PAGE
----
Archaeologists unearth another centuries-old tortoise statue at Cambodia’s famed Angkor reservoir
On Wednesday 6th May 2020, the repair team of Temple in the centre of Srah Srong discovered a tortoise statue measure 56-by-93 centimetres.
They found another sandstone-made statue of a tortoise on Friday 8th May 2020 during excavations, and this one is a little bit smaller than the one they unearthed on Wednesday, said the communications director and spokesman for the Apsara National Authority, which oversees the Angkor archaeological park.
The archaeological excavation at the 10th century Srah Srong temple standing on an island in the middle of Srah Srang (Royal Bath) reservoir at the complex of Angkor archaeological park started in late March and is scheduled to complete within six weeks.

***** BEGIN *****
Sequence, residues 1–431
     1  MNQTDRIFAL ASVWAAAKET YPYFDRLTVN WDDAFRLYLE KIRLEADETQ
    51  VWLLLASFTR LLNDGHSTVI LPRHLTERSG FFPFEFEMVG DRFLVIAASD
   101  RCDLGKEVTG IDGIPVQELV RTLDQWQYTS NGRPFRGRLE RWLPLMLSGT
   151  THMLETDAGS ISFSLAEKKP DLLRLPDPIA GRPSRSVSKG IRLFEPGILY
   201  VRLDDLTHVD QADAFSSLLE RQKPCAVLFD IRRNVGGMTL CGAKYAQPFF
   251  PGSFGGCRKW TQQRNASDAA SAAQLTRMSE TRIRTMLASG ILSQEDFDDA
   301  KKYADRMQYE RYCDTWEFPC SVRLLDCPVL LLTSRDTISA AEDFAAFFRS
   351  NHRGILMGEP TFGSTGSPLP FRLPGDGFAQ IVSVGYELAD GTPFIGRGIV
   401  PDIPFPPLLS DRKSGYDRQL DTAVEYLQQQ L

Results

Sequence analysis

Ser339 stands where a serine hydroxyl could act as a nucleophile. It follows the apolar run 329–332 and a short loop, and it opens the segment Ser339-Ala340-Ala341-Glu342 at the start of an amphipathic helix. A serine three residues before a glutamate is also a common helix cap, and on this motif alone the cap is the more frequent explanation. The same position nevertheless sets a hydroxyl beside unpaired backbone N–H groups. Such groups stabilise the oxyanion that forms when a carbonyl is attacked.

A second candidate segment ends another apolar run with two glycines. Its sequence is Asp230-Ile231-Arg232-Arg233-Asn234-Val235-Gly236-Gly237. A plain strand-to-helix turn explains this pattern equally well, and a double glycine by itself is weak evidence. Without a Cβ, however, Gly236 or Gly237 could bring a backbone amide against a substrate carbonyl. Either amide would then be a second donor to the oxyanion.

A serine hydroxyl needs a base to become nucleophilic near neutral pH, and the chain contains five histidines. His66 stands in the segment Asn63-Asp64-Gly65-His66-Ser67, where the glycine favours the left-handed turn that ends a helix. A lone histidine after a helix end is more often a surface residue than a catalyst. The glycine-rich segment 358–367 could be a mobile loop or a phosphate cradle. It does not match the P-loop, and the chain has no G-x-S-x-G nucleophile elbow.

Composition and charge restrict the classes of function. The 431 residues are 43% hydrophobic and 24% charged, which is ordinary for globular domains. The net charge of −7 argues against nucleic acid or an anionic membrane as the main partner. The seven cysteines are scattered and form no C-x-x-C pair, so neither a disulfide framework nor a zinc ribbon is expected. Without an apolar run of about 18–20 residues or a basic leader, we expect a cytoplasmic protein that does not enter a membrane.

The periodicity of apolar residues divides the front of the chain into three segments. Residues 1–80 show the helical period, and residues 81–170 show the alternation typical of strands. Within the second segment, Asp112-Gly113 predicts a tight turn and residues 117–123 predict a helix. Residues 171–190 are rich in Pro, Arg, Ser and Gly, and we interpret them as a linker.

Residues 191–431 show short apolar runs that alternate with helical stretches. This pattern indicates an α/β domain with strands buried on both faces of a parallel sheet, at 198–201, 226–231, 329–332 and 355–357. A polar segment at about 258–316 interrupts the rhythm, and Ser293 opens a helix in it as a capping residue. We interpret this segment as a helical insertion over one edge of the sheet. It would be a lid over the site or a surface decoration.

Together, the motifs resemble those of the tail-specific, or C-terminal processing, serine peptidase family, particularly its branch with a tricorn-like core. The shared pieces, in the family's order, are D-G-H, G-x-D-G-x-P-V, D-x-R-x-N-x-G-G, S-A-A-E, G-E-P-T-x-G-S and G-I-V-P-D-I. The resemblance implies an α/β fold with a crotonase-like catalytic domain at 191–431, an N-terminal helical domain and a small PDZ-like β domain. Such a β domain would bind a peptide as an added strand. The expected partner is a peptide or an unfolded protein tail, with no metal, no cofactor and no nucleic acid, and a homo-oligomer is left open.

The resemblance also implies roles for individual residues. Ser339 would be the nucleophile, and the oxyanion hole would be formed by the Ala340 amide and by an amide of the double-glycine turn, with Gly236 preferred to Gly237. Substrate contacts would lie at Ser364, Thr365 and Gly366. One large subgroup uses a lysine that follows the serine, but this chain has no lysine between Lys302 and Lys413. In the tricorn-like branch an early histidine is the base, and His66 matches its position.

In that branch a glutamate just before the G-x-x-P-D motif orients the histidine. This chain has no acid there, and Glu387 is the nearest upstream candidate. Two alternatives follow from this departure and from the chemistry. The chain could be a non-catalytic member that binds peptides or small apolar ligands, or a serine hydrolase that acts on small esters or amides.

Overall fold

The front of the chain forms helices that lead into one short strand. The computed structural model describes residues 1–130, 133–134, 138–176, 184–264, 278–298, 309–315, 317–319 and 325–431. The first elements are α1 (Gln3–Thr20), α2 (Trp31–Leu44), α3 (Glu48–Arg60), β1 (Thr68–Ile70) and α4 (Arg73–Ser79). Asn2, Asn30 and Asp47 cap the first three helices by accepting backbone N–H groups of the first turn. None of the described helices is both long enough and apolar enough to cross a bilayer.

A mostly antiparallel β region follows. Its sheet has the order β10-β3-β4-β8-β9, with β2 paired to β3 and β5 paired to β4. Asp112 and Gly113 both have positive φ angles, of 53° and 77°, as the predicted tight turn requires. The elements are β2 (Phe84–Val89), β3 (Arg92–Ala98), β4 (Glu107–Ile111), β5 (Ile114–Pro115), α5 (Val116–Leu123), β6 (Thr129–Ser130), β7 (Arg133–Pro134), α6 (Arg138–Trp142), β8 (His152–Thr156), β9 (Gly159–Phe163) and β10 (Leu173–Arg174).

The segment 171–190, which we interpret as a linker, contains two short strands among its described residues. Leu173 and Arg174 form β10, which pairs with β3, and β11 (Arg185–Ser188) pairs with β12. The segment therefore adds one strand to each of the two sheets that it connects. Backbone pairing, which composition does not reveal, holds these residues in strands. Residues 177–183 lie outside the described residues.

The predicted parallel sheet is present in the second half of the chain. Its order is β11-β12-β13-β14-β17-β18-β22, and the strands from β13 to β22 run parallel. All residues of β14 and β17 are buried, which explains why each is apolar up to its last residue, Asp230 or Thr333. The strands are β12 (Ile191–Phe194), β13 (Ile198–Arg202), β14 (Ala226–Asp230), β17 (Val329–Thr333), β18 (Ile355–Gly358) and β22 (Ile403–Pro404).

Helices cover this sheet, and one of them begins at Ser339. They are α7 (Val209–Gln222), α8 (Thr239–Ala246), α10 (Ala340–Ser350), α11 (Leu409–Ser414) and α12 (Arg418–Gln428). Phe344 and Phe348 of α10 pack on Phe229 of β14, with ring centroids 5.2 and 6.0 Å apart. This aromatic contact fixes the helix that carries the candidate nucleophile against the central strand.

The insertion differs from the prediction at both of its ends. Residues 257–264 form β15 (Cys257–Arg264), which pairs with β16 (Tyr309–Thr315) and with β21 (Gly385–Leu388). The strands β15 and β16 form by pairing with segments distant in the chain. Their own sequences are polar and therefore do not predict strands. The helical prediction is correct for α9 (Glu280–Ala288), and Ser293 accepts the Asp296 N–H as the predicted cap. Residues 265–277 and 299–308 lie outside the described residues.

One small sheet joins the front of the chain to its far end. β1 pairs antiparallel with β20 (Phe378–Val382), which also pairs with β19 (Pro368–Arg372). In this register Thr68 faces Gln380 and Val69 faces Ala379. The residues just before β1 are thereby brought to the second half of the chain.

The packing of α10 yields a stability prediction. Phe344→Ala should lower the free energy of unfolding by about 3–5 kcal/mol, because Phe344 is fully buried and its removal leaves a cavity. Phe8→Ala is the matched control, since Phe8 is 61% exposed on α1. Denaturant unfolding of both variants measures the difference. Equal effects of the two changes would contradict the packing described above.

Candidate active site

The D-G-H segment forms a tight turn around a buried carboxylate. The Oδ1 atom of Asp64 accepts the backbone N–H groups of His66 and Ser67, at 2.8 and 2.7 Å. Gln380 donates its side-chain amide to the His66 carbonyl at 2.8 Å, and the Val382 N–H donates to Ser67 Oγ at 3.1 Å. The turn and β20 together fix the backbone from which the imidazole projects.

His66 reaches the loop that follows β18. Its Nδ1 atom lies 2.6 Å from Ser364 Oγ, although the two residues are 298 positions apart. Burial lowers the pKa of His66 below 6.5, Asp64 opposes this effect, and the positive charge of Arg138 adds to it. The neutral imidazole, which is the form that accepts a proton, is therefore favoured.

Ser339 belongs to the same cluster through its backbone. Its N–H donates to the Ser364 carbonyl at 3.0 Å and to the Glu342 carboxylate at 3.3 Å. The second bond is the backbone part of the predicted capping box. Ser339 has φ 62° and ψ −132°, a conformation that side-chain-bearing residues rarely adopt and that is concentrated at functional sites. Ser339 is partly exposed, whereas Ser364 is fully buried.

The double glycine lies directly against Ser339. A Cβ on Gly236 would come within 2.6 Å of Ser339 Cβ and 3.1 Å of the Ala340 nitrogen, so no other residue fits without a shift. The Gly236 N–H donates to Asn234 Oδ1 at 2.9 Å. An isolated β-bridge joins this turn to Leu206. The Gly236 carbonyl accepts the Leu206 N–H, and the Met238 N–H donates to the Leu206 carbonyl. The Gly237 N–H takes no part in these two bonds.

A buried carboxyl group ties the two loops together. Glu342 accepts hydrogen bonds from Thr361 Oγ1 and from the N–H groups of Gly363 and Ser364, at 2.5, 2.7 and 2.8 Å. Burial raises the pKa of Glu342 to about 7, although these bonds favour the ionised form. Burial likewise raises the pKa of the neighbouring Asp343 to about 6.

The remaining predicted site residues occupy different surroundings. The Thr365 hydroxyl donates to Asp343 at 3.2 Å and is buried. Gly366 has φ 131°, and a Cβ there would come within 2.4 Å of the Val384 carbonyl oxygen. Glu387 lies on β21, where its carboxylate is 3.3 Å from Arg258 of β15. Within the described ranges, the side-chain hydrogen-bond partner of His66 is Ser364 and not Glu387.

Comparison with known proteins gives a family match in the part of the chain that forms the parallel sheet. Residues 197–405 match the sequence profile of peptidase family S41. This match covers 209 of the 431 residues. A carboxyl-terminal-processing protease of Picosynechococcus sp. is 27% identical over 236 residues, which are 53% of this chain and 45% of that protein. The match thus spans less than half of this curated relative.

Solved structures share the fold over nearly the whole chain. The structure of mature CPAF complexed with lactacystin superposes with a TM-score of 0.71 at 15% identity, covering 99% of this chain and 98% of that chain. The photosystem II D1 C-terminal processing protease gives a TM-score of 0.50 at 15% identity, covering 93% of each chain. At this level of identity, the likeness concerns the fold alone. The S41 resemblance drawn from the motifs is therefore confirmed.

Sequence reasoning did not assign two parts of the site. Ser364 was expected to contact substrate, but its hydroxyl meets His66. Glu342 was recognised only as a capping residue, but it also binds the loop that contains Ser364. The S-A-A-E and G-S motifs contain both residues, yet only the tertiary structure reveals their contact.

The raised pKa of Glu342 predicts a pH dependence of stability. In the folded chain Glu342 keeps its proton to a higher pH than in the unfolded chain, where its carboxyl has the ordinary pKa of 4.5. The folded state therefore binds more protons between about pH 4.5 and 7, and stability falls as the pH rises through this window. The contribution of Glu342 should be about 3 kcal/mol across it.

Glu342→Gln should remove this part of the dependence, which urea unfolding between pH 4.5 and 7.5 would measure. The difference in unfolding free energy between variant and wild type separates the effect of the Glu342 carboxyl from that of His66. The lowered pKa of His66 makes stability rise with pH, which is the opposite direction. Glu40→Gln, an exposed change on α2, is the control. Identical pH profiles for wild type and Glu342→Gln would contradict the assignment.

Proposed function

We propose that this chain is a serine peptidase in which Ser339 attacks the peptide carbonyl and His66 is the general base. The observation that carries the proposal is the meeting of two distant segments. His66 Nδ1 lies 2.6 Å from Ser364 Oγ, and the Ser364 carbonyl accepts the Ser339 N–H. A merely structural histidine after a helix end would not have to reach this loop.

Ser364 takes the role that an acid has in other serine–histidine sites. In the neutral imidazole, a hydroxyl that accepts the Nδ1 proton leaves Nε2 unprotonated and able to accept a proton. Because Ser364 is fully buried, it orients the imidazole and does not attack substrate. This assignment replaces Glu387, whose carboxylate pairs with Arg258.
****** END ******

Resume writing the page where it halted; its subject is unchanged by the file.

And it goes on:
The dig also found several other ancient objects, such as metal tridents, a large piece of a dragon statue, and many crystal stones.
Located in Siem Reap province, the 401-square-km Angkor archaeological park, inscribed on the World Heritage List of the United Nations Educational, Scientific and Cultural Organization (UNESCO) in 1992, is the kingdom’s most popular tourist destination.
The ancient park attracted 384,317 foreign tourists in the first four months of 2020, earning gross revenue of nearly 18 million U.S. dollars from ticket sales, according to an Angkor Enterprise’s report.